Chinese garment workers in a factory in the manufacturing hub of Dongguan.

SHANGHAI — A private survey released Monday showed China’s services sector growing faster in May than it has in months.

The services Purchasing Managers Index survey from Caixin Media Co. and Markit, a research firm, reached 52.8 in May, after a reading of 51.5 in April. A reading of over 50 indicates a sector’s expansion, while under 50 indicates a contraction.

Caixin’s PMI surveys include small and medium-sized enterprises that are left out of official government surveys. Small and medium-sized companies employ about 80 percent of China’s official working population of 907.5 million people.

Last week saw a raft of manufacturing data coming out of China, with the official government PMI for manufacturing in May steady at 51.2, a reading unchanged from April.

In a more concerning survey, also released last week, the Caixin/Markit manufacturing PMI showed a significant deceleration in activity; its reading fell to 49.6 in May, down from 50.3 in April and the lowest reading seen in eleven months.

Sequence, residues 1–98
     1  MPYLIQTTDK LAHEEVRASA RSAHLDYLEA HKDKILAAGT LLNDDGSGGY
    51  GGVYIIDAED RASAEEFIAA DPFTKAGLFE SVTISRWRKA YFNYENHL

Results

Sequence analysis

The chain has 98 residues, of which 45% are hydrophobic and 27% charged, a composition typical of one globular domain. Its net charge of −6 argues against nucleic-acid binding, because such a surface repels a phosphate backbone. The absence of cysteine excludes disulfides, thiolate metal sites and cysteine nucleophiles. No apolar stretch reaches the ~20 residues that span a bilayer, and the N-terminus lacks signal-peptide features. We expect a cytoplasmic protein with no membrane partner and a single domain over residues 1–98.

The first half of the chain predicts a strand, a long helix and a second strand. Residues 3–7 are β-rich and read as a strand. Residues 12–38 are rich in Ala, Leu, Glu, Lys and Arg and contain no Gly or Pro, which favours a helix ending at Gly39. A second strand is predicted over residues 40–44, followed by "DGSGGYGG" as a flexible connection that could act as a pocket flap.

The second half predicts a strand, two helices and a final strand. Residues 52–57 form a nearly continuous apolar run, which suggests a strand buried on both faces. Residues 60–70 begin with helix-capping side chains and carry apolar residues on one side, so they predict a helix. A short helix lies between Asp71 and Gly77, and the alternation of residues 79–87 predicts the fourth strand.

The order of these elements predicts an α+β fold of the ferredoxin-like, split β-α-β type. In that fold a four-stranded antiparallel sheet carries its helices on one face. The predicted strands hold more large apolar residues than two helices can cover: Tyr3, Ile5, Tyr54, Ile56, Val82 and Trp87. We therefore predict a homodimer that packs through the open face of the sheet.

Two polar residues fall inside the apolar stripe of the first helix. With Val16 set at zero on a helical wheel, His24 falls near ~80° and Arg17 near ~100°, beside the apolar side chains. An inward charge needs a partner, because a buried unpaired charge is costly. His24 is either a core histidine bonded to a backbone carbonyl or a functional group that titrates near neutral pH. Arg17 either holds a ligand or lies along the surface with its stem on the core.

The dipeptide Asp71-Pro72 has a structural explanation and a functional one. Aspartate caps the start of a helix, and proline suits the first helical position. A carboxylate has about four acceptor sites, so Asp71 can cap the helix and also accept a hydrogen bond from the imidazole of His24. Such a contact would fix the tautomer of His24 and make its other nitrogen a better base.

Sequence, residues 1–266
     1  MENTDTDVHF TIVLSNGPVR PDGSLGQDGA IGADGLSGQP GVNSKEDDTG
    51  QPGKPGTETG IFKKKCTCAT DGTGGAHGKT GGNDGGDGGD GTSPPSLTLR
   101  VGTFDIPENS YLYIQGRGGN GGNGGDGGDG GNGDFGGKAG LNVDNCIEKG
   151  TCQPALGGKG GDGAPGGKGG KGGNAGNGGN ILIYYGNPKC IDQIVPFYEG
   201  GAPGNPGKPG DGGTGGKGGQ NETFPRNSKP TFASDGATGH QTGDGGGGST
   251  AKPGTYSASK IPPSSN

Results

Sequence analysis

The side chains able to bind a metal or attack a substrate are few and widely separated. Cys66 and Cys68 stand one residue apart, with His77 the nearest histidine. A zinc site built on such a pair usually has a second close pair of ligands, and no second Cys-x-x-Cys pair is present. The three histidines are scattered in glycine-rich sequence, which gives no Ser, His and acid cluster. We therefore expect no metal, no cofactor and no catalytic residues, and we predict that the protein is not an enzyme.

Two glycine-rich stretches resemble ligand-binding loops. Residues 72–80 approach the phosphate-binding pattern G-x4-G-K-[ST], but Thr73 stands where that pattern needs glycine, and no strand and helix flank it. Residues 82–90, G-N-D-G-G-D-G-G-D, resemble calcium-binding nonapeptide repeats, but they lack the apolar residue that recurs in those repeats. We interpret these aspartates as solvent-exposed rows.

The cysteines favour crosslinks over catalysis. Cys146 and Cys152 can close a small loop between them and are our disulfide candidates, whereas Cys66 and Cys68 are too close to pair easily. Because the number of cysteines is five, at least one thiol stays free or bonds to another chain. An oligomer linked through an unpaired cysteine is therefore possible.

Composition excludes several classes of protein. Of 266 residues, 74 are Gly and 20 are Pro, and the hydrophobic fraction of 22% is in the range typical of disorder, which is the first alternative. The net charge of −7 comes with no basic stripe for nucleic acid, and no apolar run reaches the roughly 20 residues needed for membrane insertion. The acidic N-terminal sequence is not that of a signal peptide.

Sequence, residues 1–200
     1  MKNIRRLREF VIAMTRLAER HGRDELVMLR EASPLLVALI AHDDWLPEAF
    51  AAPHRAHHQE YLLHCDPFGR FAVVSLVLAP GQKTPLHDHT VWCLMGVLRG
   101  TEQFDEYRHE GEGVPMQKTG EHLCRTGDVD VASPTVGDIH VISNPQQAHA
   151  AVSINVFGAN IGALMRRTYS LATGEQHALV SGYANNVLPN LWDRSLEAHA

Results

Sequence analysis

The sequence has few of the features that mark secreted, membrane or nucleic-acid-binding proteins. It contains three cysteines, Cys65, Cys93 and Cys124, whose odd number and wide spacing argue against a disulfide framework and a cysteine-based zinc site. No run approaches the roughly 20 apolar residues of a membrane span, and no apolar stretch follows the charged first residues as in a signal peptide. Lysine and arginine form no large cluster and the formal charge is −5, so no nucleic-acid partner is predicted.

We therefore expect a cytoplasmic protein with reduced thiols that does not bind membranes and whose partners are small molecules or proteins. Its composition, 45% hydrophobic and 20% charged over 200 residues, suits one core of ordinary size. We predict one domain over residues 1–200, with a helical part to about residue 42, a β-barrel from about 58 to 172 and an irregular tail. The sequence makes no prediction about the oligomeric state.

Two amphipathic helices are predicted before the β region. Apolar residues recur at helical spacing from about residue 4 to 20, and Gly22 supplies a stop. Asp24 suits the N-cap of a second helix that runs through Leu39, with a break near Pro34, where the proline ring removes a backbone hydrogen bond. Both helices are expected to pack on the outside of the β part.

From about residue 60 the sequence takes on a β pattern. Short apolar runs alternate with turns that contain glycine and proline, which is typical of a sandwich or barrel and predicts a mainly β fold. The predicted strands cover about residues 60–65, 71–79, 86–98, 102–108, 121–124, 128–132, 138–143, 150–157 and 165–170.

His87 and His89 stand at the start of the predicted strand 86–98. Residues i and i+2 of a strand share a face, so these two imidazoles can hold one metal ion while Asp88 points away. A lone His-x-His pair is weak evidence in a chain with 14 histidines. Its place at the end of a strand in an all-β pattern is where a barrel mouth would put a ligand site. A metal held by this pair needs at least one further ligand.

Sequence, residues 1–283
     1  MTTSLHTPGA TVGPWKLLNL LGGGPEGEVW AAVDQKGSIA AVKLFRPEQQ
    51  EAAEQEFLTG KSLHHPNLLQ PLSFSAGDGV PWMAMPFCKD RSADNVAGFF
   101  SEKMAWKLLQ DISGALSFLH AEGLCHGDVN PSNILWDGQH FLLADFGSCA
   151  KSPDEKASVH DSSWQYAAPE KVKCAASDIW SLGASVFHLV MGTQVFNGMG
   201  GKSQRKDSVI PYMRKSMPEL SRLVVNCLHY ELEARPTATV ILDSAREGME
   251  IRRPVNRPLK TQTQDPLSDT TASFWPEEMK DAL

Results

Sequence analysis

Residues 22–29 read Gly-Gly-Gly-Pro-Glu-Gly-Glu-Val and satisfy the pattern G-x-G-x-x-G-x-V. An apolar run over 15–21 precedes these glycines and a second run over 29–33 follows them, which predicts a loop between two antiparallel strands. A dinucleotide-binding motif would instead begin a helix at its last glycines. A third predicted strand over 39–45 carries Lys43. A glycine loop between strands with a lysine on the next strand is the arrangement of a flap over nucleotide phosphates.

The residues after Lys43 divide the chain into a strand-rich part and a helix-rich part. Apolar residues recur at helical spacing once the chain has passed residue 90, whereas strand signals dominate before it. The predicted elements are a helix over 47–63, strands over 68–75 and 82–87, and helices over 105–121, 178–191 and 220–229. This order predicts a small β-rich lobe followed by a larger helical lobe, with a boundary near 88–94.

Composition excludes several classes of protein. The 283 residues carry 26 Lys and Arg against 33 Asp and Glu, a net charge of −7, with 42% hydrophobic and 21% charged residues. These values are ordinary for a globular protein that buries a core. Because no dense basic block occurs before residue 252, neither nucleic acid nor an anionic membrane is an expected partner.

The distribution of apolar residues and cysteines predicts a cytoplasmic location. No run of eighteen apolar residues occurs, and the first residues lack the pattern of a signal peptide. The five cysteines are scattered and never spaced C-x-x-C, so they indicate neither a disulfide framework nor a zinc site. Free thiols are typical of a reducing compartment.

Dr. Zhengsheng Zhong, director of macroeconomic analysis at CEBM Group, was cautious about the mixed results.

“The improvement in the services sector bolstered the Chinese economy in May. However, the rapid deterioration in the manufacturing industry is worrying,” he said. “We need to closely monitor whether the diverging trends in manufacturing and services will widen further.”

China’s government has made no secret of its desire to boost services, particularly high value-added services in finance and technology, in order to lessen its economy’s reliance on heavy industry and investment.

In spite of this boost from the services sector, China’s quarterly economic growth is widely expected to slow in the coming months from the 6.9 percent increase seen in the January to March period. The government has set a GDP growth target of “around 6.5 percent” for 2017, after last year’s growth of 6.7 percent, the lowest level China has seen in 26 years.

“We should not underestimate the senior leadership’s desire to contain financial leverage and risk, efforts which have only just begun, even if it may lead to slower credit and economic growth,” UBS Group AG economists, led by Hong Kong-based Wang Tao, wrote in a report.

“However, given the need to meet other government priorities, most notably growth stability, we expect the government to constantly adjust the pace and magnitude of its supervisory tightening to strike a delicate balance.”

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